[Early Review] Triple Frontier (2019)

Director: J.C. Chandor

Cast: Ben Affleck, Oscar Isaac, Charlie Hunnam, Garrett Hedlund, Pedro Pascal, Adria Arjona

Screenplay: Mark Boal, J.C. Chandor

125 mins. Rated R for violence and language throughout.

 

Triple Frontier seemed like a movie that was never going to get made. Cursed, almost. Over the past few years, I’d heard reports of all sorts of actors from Johnny Depp to Tom Hanks board the project and then back out. Some actors, like star Ben Affleck (Argo, Justice League) joined the film only to back out over scheduling conflict and then come back and join the cast once again later on. Kathryn Bigelow was set to direct but then left to direct Detroit. It seemed to wallow away in development hell until finally J.C. Chandor (A Most Violent Year, All is Lost) put all the pieces together, with a script from Mark Boal and Chandor, and delivered Triple Frontier, and it turned out to be an intense thought-provoking thrill ride.

Santiago (Oscar Isaac, Ex Machina, Star Wars: The Last Jedi) assembles a crew of his friends and ex-Special Forces members to steal from and assassinate a dangerous drug king in South America. When the heist takes a surprising turn and the escape plan changes, their loyalties to the mission and to each other are tested. They are forced to decide between risking their greed or their survival as obstacles mount all around them.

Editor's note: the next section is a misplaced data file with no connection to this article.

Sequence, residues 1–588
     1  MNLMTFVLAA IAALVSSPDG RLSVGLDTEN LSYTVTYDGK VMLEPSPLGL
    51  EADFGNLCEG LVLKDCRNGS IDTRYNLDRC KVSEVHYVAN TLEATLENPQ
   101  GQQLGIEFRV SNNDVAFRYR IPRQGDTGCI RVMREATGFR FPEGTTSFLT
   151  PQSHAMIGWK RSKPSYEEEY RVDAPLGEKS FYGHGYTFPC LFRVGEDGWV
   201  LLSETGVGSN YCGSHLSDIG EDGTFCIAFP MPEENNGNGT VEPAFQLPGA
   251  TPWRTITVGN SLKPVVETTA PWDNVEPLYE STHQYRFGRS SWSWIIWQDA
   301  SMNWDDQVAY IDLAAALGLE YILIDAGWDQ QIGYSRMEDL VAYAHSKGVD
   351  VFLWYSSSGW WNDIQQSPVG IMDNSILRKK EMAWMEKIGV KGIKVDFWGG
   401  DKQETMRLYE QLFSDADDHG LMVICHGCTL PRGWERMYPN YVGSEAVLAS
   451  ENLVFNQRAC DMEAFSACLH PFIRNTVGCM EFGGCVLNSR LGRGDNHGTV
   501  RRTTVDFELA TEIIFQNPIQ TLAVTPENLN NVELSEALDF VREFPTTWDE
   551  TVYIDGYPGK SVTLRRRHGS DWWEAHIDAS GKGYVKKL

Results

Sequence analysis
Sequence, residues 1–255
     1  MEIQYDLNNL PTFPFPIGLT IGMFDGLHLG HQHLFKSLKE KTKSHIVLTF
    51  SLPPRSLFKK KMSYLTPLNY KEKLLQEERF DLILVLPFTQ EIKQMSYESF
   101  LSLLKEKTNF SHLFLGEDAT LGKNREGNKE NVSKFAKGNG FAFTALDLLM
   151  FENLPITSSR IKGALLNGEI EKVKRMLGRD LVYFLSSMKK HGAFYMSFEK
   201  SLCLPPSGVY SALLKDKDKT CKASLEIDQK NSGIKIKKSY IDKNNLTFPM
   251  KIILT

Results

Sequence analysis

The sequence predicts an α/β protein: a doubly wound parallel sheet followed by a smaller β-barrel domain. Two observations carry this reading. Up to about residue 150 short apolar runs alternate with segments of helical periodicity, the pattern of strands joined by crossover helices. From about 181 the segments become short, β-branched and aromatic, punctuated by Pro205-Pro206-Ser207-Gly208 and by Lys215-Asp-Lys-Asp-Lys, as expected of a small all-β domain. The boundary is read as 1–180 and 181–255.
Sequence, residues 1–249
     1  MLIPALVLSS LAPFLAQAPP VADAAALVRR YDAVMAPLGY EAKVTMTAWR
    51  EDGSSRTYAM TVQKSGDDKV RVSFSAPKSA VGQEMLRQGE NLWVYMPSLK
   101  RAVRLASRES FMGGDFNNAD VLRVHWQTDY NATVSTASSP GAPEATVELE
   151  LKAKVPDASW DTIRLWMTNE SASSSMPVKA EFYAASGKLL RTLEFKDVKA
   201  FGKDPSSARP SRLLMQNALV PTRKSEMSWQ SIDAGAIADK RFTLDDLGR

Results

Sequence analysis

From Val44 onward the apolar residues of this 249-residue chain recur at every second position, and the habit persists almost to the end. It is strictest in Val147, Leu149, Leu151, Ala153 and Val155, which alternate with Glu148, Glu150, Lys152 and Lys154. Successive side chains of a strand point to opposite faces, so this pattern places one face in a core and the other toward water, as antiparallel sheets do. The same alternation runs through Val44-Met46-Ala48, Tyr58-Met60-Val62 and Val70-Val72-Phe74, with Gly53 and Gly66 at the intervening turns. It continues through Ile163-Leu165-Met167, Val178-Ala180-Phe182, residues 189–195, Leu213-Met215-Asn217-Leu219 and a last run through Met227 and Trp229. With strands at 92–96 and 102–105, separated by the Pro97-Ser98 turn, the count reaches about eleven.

Triple Frontier’s tense screenplay works with the Hero’s Journey really nice, and Isaac’s Santiago, for better or worse, works his way toward a goal, and his decisions have consequences. Affleck’s Tom is a man who needs the money but knows what this kind of mission can do to him. The two play opposite sides of the coin and as their moralities change between them, they play great foils to one another.

Charlie Hunnam (A Million Little Pieces, TV’s Sons of Anarchy) plays William, a public speaker struggling with his mental state after what he’s witnessed. He takes on the job once he knows Tom is involved because he knows Tom’s clear head will prevail. His is a character of habits and little comforts who plays by the book.

Pedro Pascal (Kingsman: The Golden Circle, If Beale Street Could Talk) is Francisco, a hell of a pilot with a little drug problem. He wants to get in the air again and feel a sense of purpose. These four characters are written as people who don’t break the rules, but the circumstances of the plot and narrative fundamentally change their thought processes, and with that comes mistakes and a sense of moral ambiguity.

That being said, I felt like Garrett Hedlund (Mudbound, Burden) was wasted in this film. His character, William’s brother Ben, doesn’t have all that much to do. He isn’t given a compelling narrative and seemingly fills out the cast.

Triple Frontier has a vivid and gorgeous cinematic look to it. The cinematography is clean and colorful, the editing quick and tight, and the production design realistic. There’s some issues with the sound design in the film, though, and the music choices sometimes feel like a checklist for drug cartel movies, but the film’s most impressive aspect is its use of tension. There are a great many scenes where the wills and resilience of the crew are tested, and thanks to Chandor’s decision to stretch the tension from an already tense script work wonders here. I was pulling my hair wondering just how they were going to escape from several situations.

Triple Frontier hits Netflix screens on March 13th, but you can catch it in theaters before that, and I would suggest it. This is a tense morality play with some intense action, solid character development, and some genuinely shocking moments. I recommend seeing it immediately.

 

4/5

-Kyle A. Goethe

Captain America: The Winter Soldier (2014)

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Director: Anthony Russo, Joe Russo